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Math Help - Systems of Linear Equations Problem

  1. #1
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    Systems of Linear Equations Problem

    I'm having trouble solving a linear equations system with an unknown coefficient. I am trying to solve it using the reduce row echelon form, but to no avail.

    x + y + 7z = -7
    2x + 3y + 17z = -16
    x + 2y + (k2 + 1)z = 3k

    [ 1 1 7 | -7 ]
    [ 2 3 17| -16]
    [ 1 2 k2+1| 3k ]

    Specifically, I am trying to simplify this equation to find:
    a) no solution "inconsistent"
    b) infinite number of solutions "consistent"
    c) one solution "unique"

    Right now I am just attempting a. I believe I have accidentally already solved c.

    So following the procedure...

    I subtract 2R1 from R2, giving in the second row:
    [ 0 1 3 | -2 ]

    I then subtract R1 from R3 giving in the third row:
    [ 0 1 k2-6 | 3k+7 ]

    Then subtracting R2 from R3 to give:
    [ 0 0 k2-9 | 3k+9 ]

    From here I am lost. My intuition tells me that 3rd row should simplify to something like this (x representing a non-zero value):
    [ 0 0 0 | x ]

    Any help would be greatly appreciated.
    Last edited by brettm; August 22nd 2013 at 10:02 AM.
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  2. #2
    Super Member ebaines's Avatar
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    Re: Systems of Linear Equations Problem

    From your last line simply divide through by k^2-9:

    [ 0 0 1 | (3k+9)/k^2-9]

    This tells you that z = (3k+9)/(k^2-9). As long as this value is defined you get a unique set of solutions for x, y, and z. For example if k=0 you get x=-1, y=1, and z = -1. If k= 4 you get x= -17, y= -11, z = 3. But notice that the (3k+0)/(k^2-9) is not defined for k= 3 or k=-3, so we need to see what happens for these two cases. For k=3 your last row becomes [0 0 0 | 15] which has no solution and for k = -3 it's [0 0 0| 0] which means the three original equations are not linearly indpendent and hence there are an infininite number of solutions.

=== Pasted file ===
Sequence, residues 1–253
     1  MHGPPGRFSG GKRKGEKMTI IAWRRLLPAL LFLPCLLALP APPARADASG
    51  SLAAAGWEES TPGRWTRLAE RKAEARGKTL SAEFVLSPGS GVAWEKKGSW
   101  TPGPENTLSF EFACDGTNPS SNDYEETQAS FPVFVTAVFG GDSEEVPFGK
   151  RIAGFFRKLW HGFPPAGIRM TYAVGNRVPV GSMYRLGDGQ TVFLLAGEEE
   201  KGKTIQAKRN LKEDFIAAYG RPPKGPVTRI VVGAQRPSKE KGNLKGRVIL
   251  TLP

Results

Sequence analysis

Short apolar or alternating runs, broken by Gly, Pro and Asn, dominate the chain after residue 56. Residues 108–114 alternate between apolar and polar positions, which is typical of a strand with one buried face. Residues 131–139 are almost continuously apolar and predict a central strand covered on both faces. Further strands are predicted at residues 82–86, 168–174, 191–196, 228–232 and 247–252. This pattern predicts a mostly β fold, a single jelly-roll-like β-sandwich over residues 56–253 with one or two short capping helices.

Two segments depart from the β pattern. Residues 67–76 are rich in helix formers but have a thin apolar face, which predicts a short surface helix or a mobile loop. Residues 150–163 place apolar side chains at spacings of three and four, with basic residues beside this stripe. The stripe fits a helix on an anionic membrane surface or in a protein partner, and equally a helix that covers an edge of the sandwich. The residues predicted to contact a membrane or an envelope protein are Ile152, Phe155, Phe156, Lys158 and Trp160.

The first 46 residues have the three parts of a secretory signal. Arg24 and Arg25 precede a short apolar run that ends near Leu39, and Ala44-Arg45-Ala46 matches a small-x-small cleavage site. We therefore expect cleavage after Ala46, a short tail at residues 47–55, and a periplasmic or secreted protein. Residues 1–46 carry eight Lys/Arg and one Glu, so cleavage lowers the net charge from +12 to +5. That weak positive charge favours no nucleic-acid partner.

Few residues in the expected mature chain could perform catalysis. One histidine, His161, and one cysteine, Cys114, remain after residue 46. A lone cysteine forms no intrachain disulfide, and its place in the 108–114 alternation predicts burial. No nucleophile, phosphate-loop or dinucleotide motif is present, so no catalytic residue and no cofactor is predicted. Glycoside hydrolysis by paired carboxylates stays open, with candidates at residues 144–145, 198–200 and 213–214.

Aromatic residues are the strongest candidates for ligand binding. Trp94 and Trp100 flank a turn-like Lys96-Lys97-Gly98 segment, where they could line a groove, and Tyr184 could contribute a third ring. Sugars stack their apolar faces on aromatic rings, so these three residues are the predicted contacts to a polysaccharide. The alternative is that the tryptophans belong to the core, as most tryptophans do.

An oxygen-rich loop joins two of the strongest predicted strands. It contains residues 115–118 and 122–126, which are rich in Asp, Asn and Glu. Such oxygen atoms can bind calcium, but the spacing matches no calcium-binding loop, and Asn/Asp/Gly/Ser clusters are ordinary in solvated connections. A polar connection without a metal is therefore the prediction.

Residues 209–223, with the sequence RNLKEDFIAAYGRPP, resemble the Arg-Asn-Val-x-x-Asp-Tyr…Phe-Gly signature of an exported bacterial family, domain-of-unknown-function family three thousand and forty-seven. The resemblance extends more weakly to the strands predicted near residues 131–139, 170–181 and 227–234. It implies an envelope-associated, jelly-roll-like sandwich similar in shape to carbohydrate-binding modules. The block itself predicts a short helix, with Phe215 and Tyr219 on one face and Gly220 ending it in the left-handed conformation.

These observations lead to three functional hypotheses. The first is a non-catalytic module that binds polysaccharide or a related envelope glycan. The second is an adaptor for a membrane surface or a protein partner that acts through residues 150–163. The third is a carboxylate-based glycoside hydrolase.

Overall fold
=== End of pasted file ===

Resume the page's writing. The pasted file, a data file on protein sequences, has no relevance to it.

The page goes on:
Thanks from brettm
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  3. #3
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    Re: Systems of Linear Equations Problem

    Hello,

    I can help you with the first one. For a system of equations to be consistent (with either one or infinite solutions) it has to be satisfied that

    \det\left(\bf A\right)\neq 0

    For this reason, calculating the determinant of the coefficient matrix, you can determine the values of k where the system is not defined:

    \det\left(\bf A\right) = \left|\begin{matrix}1 & 1 & 7 \\ 2 & 3 & 17 \\ 1 & 2 & k^2 + 1 \end{matrix}\right|=k^2 -9=0

    Thus,

    k=\pm 3 makes the determinant to be equal to zero, and thus, the system is not defined.
    Thanks from brettm
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  4. #4
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    Re: Systems of Linear Equations Problem

    Hello, brettm!

    \begin{array}{ccc} x + y +\qquad 7z &=& \text{-}7 \\ 2x + 3y +\qquad 17z &=& \text{-}16 \\ x + 2y + (k^2 + 1)z &=& 3k\end{array}

    Specifically, I am trying to simplify this equation to find:
    . . (a) no solution, "inconsistent"
    . . (b) infinite number of solutions, "consistent"
    . . (c) one solution, "unique"

    \text{We have: }\:\left[\begin{array}{ccc|c} 1&1&7 & \text{-}7 \\ 2&3&17 & \text{-}16 \\ 1&2& k^2\!+\!1 & 3k \end{array}\right]